ADVERTISEMENT

ADVERTISEMENT

MNsure estate claims fix caught in legislative muddle

The fate of claims against the estates of Minnesotans who have received Medical Assistance is caught in the tussle over spending as the Minnesota Legislature enters the last weekend of its session.

The fate of claims against the estates of Minnesotans who have received Medical Assistance is caught in the tussle over spending as the Minnesota Legislature enters the last weekend of its session.

"It's rolled up with a bunch of spending," said state Rep. Matt Dean, R-White Bear Lake, the principal author in the House of a bill that would end the practice. "I just hope it doesn't become a casualty of a partisan argument, because it's something we all agree needs to happen."

The News Tribune reported on Feb. 14 that some Minnesotans discovered thousands of dollars in claims had been filed against their properties since being placed on Medical Assistance - the state's version of Medicaid - via MNsure within the past two years.

Recipients of Medical Assistance don't pay a premium, but if they are from ages 55-64 a claim equivalent to the premiums is placed against their estates. They are assessed as liens against those who inherit the property.

Three Pine County property owners quoted in the Feb. 14 story said they were taken unawares when they discovered the estate claims late last year and early this year. They said the MNsure navigators and insurance brokers they spoke with had said nothing about the claims and that it wasn't clear on the MNsure website. They also said they weren't given the option of choosing MinnesotaCare, which would have required a relatively small premium but wouldn't have led to an estate claim.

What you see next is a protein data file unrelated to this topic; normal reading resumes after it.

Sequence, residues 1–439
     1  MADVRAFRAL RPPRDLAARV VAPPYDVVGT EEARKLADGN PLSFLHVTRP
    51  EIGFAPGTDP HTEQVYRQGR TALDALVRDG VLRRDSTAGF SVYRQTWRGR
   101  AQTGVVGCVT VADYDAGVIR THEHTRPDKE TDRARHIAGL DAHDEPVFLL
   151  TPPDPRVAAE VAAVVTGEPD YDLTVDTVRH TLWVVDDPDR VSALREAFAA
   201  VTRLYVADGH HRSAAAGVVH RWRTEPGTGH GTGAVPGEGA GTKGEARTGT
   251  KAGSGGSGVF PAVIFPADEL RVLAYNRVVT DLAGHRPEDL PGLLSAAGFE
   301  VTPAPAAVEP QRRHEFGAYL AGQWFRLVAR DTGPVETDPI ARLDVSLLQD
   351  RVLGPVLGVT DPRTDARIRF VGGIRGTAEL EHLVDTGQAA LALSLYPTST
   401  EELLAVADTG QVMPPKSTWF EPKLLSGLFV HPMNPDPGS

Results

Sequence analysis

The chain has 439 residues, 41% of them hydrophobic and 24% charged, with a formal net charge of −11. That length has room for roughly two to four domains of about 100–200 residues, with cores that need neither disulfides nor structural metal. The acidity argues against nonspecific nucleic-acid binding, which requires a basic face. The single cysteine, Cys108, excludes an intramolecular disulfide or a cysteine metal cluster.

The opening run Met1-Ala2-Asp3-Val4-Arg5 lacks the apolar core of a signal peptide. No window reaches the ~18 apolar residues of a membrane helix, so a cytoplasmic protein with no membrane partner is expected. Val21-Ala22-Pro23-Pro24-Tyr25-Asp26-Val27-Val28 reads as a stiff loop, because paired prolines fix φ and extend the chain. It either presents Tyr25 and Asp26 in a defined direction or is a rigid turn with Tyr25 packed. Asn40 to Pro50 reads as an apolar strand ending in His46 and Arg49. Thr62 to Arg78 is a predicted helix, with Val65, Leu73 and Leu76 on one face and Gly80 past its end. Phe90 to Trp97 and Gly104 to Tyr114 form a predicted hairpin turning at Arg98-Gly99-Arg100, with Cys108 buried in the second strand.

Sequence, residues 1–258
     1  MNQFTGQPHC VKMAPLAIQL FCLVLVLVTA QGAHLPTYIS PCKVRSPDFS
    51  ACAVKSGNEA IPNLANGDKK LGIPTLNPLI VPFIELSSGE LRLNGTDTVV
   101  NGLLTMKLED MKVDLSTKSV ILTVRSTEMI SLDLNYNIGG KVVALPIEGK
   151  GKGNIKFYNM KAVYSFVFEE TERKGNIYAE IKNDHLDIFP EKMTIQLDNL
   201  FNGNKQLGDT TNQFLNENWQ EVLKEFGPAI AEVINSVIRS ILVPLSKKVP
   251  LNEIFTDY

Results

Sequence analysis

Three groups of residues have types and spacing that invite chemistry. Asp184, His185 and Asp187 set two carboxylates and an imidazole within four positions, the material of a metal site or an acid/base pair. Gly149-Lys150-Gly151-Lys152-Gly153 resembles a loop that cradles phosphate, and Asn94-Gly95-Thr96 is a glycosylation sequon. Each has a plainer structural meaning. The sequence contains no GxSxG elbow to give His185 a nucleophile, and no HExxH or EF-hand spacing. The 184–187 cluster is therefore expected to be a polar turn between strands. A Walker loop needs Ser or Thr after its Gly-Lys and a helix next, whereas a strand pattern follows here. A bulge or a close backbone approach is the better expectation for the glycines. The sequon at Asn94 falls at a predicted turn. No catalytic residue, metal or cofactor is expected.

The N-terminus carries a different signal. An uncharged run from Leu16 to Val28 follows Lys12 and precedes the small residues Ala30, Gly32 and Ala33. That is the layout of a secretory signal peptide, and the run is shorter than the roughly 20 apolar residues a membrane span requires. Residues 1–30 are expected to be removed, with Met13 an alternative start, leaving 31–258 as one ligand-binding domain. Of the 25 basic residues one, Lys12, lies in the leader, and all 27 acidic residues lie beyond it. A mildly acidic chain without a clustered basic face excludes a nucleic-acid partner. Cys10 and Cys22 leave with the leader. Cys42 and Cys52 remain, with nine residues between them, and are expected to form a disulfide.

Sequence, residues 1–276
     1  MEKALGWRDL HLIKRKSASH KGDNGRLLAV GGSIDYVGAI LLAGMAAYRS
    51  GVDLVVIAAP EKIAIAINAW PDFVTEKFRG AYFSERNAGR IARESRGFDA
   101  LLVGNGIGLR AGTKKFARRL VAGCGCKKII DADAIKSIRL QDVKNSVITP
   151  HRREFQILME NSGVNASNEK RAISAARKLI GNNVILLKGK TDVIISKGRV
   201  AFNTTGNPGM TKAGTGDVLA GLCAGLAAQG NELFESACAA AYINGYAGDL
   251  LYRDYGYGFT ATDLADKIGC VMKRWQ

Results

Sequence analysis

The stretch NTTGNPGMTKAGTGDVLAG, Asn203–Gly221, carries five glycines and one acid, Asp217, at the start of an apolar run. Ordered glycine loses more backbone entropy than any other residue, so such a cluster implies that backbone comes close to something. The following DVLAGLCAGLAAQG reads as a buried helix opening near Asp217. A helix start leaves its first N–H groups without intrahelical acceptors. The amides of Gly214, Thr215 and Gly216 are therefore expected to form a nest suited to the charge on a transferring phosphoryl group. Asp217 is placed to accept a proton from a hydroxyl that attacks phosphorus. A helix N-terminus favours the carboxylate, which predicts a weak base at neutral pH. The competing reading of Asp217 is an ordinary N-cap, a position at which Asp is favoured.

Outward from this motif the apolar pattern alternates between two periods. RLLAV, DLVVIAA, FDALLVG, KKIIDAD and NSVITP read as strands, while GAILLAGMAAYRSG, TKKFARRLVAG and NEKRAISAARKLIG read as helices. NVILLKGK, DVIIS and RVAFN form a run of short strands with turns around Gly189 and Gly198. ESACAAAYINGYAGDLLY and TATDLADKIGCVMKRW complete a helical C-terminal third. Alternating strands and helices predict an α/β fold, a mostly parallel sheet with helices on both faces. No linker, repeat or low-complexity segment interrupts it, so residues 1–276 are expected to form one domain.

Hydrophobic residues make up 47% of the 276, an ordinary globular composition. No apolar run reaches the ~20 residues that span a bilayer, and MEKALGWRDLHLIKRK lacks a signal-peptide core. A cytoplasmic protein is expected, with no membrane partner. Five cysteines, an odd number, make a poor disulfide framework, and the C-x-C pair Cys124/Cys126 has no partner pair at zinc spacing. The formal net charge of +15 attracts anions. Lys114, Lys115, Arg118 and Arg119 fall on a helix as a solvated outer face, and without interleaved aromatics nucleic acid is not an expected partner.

ADVERTISEMENT

Bills authored in the House by Dean and in the Senate by Sen. Tony Lourey, DFL-Kerrick, proposed to end the estate claims retroactive to 2014, meaning the existing estate claims would be forgiven.

There is a cost to the legislation, Dean said, which is why it was wrapped into the omnibus Health and Human Services spending bill. But both he and Lourey are on the conference committee considering the bill, Dean said, which bodes well for the estate claim fix.

According to the Minnesota Management and Budget office's fiscal analysis, the fix would cost $2.25 million to implement in fiscal year 2017 and $2.37 million in both 2018 and 2019.

Lourey couldn't be reached for comment on Friday.

Those potentially affected by the claims were waiting apprehensively as the Legislature neared its Monday closing date.

"I think a lot of us are feeling like we're in the wash cycle where we can't see anything," said Claudia Foussard, 61, of St. Paul who discovered in February that nearly $20,000 in claims had been placed against her estate. "I feel really blinded to what's going on right now. It's like this shrouded group of the legislators."

Julie Gelle of Sandstone, who with her husband, Robert, faces more than $15,000 in claims, said she got a call from an aide to Lourey on Friday morning who said they're optimistic.

Gelle wasn't so sure.

ADVERTISEMENT

"Half of me says: Forget it, it's not going to go anywhere," Gelle said. "The other half says be optimistic, it's gonna pass."

She expects to lose some sleep this weekend waiting for the outcome, she said.

"(The aide) said they probably wouldn't know until Monday morning," Gelle said.

Related Topics: HEALTH
What To Read Next
The system crashed earlier this month, grounding flights across the U.S.